I recently attended a web presentation by Bill Schmeltzer of MTM consulting discussing collaborative documentation (The slides are to be posted at http://www.omh.state.ny.us/omhweb/clinic_restructuring/resources.html), and I liked the approach because it had a focus of improving treatment results. The idea is to jointly recap the session (something most people receiving mental health services are used to) at the end of session, recording what the professional and consumer did together in the session, and how that discussion focused on one of the goals in the treatment plan, as well as any plans for the patient to employ tools like active listening or breathing techniques to improve daily life. Once again, this information will be available in the EHR. When the patient returns, the notes are handy reminders of where the professional and consumer left off; this might be a good place to resume discussions.
In many treatment centers, scheduling has been a topic of heated discussions over professionals’ control of their time. Recently The National Council (the mental health community’s most popular support organization) published a study that compiled data from ten Community Behavioral Health Organizations (CBHOs) that sheds some light on how important scheduling is.
One organization had a counselor with 30 “no-shows” by consumers. That seems like a lot. It certainly affects the bottom line, so agencies want to know more about this, because this consumers weren’t the only ones perpetrating the trend. As it turned out, the counselor didn’t show up for 24 of his appointments…legitimizing the idea of missing appointments. That’s a solid example of a work culture that needs to be changed.
The answer to decreasing no-shows and increasing effectiveness appears to be involving the consumer more in the nuts and bolts of treatment. Collaborative documentation keeps consumers and professionals focused on the goals of treatment, what the consumer actually wants to improve, as opposed to the mini-crisis of the moment. I like that, I learned that most of my crisis’ are bogus anyhow…a result of behaviors I have long-since changed.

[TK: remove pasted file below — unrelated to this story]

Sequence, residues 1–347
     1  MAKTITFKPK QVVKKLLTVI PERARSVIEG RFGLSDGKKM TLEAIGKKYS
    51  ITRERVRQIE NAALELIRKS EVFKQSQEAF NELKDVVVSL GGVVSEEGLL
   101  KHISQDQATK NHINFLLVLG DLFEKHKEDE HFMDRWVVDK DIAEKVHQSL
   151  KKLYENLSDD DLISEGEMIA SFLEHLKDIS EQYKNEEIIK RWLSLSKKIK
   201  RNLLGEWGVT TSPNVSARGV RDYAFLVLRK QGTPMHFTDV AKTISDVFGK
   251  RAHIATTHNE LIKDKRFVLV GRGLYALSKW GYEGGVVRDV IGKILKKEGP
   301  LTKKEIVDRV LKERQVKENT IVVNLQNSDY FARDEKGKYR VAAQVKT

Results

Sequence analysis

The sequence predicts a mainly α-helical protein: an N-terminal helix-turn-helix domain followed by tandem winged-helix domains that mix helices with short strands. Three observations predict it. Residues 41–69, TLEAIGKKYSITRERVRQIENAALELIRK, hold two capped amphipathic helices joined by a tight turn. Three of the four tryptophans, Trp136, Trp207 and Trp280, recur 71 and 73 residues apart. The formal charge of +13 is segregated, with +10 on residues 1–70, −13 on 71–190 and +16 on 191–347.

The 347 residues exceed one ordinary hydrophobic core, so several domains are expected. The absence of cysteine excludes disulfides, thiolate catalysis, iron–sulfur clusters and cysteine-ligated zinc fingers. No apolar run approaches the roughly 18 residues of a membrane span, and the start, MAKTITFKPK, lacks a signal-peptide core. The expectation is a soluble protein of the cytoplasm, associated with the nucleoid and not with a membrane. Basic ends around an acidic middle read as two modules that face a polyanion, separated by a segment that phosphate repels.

One agency I heard about on Long Island hired a scheduling person with a master’s level education. This person was savvy enough to read a chart and consider treatment goals and objectives, as well as no-shows by both the counselor and consumer when scheduling appointments and determining what sorts of effort needed to go into getting the parties together to collaborate on effective treatment. Although the scheduling person was very expensive, filling the position with this type person paid off in the bottom line in reducing no-shows, and therefore paid sessions.
Yes, she used the scheduling module in the EHR to access the information needed to make these decisions, and she couldn’t be effective in the job without the treatment plan, progress notes and scheduling history information in the computer.
So, the foundation of success for both consumers and counselors, and even the treatment facility winds up being all wrapped up in the EHR. I love that.Read more →